Volunteer Mike Giuliano, left, carries a bag of clothing to be donated to residents affected [auth] by Superstorm Sandy, Saturday, Nov. 3, 2012, in Staten Island, N.Y. A Superstorm Sandy relief fund is being created just for residents of the hard-hit New York City borough. Former Mayor Rudolph Giuliani and Borough President James Molinaro say the fund will help residents displaced from their homes. (AP Photo/Julio Cortez)
NEW YORK (AP) — The lights were back on Saturday in lower Manhattan, prompting screams of sweet relief from residents who’d been plunged into darkness for nearly five days by Superstorm Sandy. But that joy contrasted with deepening resentment in the city’s outer boroughs and suburbs over a continued lack of power and maddening gas shortages.
Adding to the misery of those lacking power, heat or gasoline: dipping temperatures. Mayor Michael Bloomberg urged older residents without heat to move to shelters, and said 25,000 blankets were being distributed across the city.
“We’re New Yorkers and we’re going to get through it,” the mayor said. “But I don’t want anyone to think we’re out of the woods.”
Bloomberg also said that resolving gas shortages could take days. Lines snaked around gas stations for many blocks all over the stricken region, including northern New Jersey, where Gov. Chris Christie imposed rationing that recalled the worst days of fuel shortages of the 1970s.
But nowhere was the scene more confused than at a refueling station in Brooklyn, where the National Guard gave out free gas — an effort to alleviate the situation. There, a mass of honking cars, desperate drivers and people on foot, carrying containers from empty bleach bottles to five-gallon Poland Spring water jugs, was just the latest testament to the misery unleashed by Sandy.
“It’s chaos, it’s pandemonium out here,” said Chris Damon, who had been waiting for 3½ hours at the site and had circled the block five times. “It seems like nobody has any answers.”
Added Damon: “I feel like a victim of Hurricane Katrina. I never thought it could happen here in New York, but it’s happened.”
Damon, 42, had already been displaced to Brooklyn from his home in Queens, where he still lacked power, as did millions outside Manhattan — from Staten Island, the hardest-hit borough, to Westchester County and other suburban areas.
Domingo Isasi, waiting in a gas line on Staten Island, minced no words about the divide he perceived between Manhattan and the outer boroughs.
“The priorities are showing, simply by the fact that Manhattan got their power back,” he said, adding that Staten Islanders are used to being lower on the list. “We’re the bastard kids who keep getting slapped in the head and told to shut up,” he said.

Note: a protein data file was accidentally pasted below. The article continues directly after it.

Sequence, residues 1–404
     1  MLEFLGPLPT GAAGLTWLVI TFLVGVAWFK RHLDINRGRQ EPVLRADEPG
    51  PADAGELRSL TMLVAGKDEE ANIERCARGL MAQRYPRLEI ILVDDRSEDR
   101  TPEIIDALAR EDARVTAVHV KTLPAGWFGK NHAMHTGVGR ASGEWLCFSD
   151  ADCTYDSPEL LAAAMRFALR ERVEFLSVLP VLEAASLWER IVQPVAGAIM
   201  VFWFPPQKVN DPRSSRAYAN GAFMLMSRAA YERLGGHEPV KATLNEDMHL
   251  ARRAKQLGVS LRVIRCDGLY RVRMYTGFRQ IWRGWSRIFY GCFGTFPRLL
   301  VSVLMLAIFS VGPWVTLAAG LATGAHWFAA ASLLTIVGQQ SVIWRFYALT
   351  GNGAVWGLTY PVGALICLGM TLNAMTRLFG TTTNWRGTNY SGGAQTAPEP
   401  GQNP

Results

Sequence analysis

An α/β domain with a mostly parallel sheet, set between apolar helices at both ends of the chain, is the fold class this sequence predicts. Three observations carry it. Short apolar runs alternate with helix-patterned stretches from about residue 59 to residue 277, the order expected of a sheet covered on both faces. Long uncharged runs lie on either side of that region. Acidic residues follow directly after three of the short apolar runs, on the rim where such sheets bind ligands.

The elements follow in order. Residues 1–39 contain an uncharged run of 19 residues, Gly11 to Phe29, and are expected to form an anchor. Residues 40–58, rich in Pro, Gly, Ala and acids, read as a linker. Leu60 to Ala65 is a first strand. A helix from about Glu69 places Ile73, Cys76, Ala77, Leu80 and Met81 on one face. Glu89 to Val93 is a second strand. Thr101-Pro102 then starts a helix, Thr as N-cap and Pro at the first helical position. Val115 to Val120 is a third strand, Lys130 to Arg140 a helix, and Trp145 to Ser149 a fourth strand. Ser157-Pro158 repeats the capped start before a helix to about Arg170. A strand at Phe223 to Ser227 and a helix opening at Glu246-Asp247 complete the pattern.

At a gas giveaway station in Queens, the scene was calmer but not happier. More than 400 cars stretched for more than a dozen blocks, with one tanker filling cars one at a time. A police car pulled alongside a car about 250th in line, and officers told the driver they hoped there would still be gas by the time he got there.
The 5,000-gallon trucks from the Defense Department had been dispatched to five locations around the New York City metropolitan area. “Do not panic. I know there is anxiety about fuel,” Gov. Andrew Cuomo said.
Hours later, after the long lines formed, state officials said the public should stay away from the refueling stations until emergency responders got their gas. National Guard Col. Richard Goldenberg added, however, that those who were already at the distribution sites would not be turned away.
Gas rationing went into effect at noon in 12 counties of northern New Jersey, where police enforced rules to allow only motorists with odd-numbered license plates to refuel. Those with even-numbered plates would get their turn Sunday.
Jessica Tisdale of Totowa waited in her Mercedes SUV for 40 minutes at a gas station in Jersey City, but didn’t quite understand the system and was ordered to pull away because of her even-numbered plate.
“Is it the number or the letter?” she asked around 12:10 p.m. “I don’t think it’s fair. I’ve been in the line since before noon. …There’s no clarity.” The officer who waved her out of line threw up his hands and shrugged.
At an Exxon station in Wall, N.J., Kathryn Davidson, who had an even-numbered plate, got gas anyway by beating the noon deadline.
“How are people supposed to know?” said Davidson, 53, who said it reminded her of the 1970s, when a similar plan was in place.
President Barack Obama visited the headquarters of the Federal Emergency Management Agency for an update on recovery efforts and said: “There’s nothing more important than us getting this right.”
He cited the need to restore power; pump out water, particularly from electric substations; ensure that basic needs are addressed; remove debris; and get federal resources in place to help transportation systems come back on line.